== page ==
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Tour the Carson Long Military Academy campus

Tour the Carson Long Military Academy campus

This is Christine Vendel from PennLive, and I’m here in New Bloomfield, Pennsylvania, in Perry County at the
nation’s oldest military boarding school. As you can see, the campus is quiet and
completely empty. Last month, school officials announced that the
academy would be closing because of low enrollment and not enough money, but then
earlier this week, the CEO put out a statement that the academy would open in the fall, creating lots of confusion. As it turned out, the CEO statement was
believed to be a last-ditch effort to give alumni a chance to get together a
financial package that could keep the school open. As it turned out, however, on
Wednesday, alumni posted on their Facebook page that their efforts had
failed, that they would need to gain at least $4 million to get the
school open for the fall and really needed a total of $10 million
for some deferred maintenance, adding fire suppression systems to all nine
buildings and removing asbestos from three buildings, in addition to replacing
outdated electrical wiring throughout. So it appears that the school is closing
for good. It’s part of a national trend with military academies closing. In New
York, for example, there had been 40 military academies closing in recent
decades, leaving just one school, and now Pennsylvania also appears to just have
one school left — the Valley Forge Military Academy in Wayne, Pennsylvania.

Reader Comments

  1. I went there when it was called Carson Long Military Institute, it honestly was the most life changing experience I’ve ever had growing up. Truly shaped my character and made me into who I am today. Very upsetting that it is closed down.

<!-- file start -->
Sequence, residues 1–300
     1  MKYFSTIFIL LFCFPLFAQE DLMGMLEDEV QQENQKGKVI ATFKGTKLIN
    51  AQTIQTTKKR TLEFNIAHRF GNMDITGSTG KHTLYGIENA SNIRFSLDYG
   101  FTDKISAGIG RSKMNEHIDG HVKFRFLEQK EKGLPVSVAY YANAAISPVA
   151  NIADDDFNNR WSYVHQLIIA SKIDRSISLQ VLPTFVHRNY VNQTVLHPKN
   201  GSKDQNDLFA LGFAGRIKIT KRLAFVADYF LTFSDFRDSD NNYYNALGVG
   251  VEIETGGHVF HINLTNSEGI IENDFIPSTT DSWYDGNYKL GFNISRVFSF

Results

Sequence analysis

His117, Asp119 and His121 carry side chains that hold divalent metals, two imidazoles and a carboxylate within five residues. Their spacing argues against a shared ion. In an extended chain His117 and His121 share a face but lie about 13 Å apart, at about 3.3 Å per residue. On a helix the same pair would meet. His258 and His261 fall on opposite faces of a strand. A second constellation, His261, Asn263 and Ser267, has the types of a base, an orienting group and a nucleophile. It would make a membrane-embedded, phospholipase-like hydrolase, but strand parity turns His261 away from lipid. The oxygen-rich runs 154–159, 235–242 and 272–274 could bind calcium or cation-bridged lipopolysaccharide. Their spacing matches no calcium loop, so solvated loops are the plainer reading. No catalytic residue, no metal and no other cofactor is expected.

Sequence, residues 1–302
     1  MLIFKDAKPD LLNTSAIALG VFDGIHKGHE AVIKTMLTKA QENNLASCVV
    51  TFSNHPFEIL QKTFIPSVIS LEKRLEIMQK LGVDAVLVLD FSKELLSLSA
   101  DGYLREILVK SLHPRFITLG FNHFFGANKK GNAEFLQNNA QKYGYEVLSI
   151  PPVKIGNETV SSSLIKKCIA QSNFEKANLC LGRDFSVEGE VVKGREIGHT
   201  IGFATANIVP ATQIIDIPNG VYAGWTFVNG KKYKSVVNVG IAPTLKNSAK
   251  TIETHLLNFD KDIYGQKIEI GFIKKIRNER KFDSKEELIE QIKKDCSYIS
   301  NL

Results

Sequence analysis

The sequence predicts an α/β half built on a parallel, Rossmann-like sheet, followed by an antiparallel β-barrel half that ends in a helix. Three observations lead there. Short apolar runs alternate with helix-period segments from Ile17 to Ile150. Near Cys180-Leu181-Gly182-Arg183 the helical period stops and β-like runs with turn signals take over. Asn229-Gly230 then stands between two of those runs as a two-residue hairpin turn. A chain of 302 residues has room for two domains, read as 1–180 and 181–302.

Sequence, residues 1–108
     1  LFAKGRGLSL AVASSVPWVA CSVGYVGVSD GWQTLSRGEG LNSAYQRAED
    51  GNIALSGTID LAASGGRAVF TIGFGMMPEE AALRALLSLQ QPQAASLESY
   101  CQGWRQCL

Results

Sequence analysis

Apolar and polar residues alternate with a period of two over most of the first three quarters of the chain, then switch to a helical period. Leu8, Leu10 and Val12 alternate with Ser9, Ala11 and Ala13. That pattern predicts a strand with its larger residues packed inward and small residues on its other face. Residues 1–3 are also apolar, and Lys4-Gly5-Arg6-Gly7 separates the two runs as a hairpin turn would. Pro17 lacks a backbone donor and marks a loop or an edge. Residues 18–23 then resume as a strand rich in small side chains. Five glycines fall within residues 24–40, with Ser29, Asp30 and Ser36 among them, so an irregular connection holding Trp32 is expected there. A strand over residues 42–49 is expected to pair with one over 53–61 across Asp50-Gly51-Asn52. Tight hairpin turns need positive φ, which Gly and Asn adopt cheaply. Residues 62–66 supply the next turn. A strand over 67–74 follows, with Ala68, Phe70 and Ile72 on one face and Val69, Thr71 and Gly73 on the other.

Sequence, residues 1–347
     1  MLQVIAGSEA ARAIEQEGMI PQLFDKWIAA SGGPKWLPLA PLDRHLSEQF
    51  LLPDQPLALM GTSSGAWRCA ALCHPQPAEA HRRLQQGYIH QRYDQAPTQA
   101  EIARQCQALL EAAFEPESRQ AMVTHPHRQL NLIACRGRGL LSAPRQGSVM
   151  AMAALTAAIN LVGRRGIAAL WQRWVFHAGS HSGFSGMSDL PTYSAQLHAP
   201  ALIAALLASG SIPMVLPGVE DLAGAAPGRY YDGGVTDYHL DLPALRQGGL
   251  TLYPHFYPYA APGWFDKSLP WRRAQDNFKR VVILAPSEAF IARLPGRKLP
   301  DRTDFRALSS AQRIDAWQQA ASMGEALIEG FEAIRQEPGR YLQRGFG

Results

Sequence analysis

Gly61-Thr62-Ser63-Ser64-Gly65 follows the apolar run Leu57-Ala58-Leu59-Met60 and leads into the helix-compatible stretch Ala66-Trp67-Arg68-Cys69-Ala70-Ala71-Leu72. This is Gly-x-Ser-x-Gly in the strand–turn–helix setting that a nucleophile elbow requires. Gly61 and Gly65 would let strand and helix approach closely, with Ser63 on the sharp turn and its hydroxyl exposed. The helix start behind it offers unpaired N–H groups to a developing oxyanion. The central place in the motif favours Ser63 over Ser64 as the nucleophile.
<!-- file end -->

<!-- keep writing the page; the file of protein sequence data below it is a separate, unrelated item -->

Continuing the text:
2. It was Carson Long Institute when I was there from 1974-75 until 1977-78. By that time, it was catering to regular kids and that was mentioned as part of the trouble with trying to raise money. There weren't many rich alumni. Lets be honest It was kind of grubby back in the 70's. The crash of 2007-08 may have been the straw that broke the camel's back, but a number of us feel that once it stopped essentially being a Holman family business, the school's days were numbered. After graduating, I went to Georgia Military College for my first two years of college. They had similar problems back then like many other military schools. They went from having a brigade and all men in the college and prep school to only having like a total of 100 college cadets and girls not in uniform in the prep school. Even then, the way they saved the school wast to essentially make it the regional community college. Because of its isolated location, CLI really didn't have any options for day students like their "sister school" Linden Hall did. It is a shame to see it go. I wonder what will become of the property? It is a beautiful location, but once again, the isolated nature of the town limits what you can do with it.

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